Culture.  As the new ‘telco’ becomes increasingly etched onto the internet economy providing the content-delivery infrastructure, and as it move more into the internet business directly as many telcos seem to have strategized, its operating culture could change.  The culture of a tradition monopoly which must have survived to these days albeit in a less severe form, is opposite to that of the internet industry.

The culture of the internet is inclusive, peer-oriented, collaborative, participative, democratic, that is, it has an open ethos (see previous post “internet business model Part 1.2 on 24 May 2013 for more on its culture).  An incumbent telco having its root first as a government entity, then as a sole commercial concern with government protection and even now years after liberalisation, operates with a guarded bureaucratic culture with a command-and-control demeanour.  Well, when you are a monopoly, your customers can’t argue much!  This culture seems to have filtered down to other telcos after deregulation probably due to seeding of executives from the incumbents.

An ISP assumes there are many more ISPs operating and while they compete, they also understand that they have to cooperate, not just within the industry but without.  The commons or eco-system of an ISP is large with many different types of partners (eg. content delivery networks, peering partnering, tiers of ISPs, anti-spam services) and very many.  They understand that without the online presence of web companies, there is no such thing as an ISP sector, unlike the traditional telco industry where its commons is upon itself.  If the telcos did, net neutrality (next post) may not have been as forceful an issue.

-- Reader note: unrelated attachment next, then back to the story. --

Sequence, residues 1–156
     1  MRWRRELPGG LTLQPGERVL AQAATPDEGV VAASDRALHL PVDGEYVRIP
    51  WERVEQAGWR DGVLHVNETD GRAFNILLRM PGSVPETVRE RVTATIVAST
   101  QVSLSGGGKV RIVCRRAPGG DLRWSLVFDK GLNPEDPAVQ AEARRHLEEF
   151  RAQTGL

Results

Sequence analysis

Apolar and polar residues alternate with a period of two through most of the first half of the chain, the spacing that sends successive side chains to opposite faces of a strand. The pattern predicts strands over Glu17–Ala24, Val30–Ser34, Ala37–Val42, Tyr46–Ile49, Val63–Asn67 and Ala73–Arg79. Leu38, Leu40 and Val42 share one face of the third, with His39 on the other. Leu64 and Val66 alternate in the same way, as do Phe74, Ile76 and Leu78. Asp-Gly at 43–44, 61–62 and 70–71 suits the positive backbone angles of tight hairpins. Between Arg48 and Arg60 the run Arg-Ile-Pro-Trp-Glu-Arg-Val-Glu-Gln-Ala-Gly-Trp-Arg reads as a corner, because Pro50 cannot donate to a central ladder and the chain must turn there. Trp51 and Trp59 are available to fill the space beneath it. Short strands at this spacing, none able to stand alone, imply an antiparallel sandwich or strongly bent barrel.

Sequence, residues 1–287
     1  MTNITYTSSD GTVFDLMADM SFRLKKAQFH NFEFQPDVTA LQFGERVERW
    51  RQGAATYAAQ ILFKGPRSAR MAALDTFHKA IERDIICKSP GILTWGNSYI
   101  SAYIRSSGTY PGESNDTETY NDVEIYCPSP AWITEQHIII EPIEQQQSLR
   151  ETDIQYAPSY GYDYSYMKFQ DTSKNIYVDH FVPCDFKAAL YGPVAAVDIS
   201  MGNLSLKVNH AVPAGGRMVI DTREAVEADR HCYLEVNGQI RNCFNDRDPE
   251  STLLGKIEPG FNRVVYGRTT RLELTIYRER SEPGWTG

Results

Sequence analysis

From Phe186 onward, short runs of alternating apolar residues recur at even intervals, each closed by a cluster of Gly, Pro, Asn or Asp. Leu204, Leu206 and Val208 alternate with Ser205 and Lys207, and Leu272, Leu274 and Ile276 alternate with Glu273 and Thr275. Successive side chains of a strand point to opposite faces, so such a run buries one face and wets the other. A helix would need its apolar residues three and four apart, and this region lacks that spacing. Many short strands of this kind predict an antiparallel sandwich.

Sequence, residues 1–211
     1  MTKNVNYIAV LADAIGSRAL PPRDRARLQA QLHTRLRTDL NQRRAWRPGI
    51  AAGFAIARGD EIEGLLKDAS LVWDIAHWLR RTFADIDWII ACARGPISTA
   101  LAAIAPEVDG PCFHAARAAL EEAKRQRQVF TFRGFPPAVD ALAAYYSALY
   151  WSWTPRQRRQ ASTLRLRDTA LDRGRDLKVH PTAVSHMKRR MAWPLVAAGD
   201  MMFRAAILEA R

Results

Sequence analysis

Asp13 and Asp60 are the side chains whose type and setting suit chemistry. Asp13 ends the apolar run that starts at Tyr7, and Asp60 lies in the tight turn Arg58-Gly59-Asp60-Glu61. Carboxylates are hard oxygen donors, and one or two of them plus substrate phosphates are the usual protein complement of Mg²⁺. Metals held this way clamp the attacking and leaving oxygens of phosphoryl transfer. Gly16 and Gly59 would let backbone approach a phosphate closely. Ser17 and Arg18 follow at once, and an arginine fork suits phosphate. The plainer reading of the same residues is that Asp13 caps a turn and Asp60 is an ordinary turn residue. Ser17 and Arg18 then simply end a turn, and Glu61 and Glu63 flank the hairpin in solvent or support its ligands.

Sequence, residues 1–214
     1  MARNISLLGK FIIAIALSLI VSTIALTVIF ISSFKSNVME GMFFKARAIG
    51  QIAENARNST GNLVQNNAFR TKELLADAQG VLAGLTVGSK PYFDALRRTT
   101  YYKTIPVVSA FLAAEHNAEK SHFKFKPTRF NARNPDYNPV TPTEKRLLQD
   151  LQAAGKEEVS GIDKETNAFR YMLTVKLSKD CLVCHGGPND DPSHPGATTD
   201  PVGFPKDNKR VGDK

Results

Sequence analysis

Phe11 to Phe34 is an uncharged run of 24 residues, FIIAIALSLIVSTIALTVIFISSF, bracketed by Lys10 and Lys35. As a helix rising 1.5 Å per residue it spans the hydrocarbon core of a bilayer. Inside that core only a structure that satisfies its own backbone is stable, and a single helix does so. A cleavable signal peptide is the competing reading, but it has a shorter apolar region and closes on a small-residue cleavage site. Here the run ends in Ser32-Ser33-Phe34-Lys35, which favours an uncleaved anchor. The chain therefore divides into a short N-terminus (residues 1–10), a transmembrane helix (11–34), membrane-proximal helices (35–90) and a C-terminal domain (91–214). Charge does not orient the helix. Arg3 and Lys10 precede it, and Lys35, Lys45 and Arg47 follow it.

So as the telco become more like an internet company serving internet users and working with online partners, its operating culture should inch towards that of the internet’s.  And with that, there must also be an impact on its organisation; how it deals with partners, how it deals with competitors, how it deals with customers, how it carries out business.  And on its strategy.

Strategy.  A strategy based on data has an immediate implication for the carrier business, not least where its investment dollars go to and how it markets itself.  Should one subscribe to the notion that the future telco is the ISP, a notion that is probably not easy on the ears of long-time telco executives, then the telco quickest to execute its new data-oriented strategy would do well.  What then is a strategy based on data?  A massive topic, this is not the place to discuss it.  But what’s significant is that the strategy must embed a data business first (primary), not voice (secondary) into the overall telco plans.  And if the culture of a company is at the heart of an organisation as many business leaders proclaim and that it determines execution, grafting it with data expertise would aid re-aligning the org chart and thus the culture.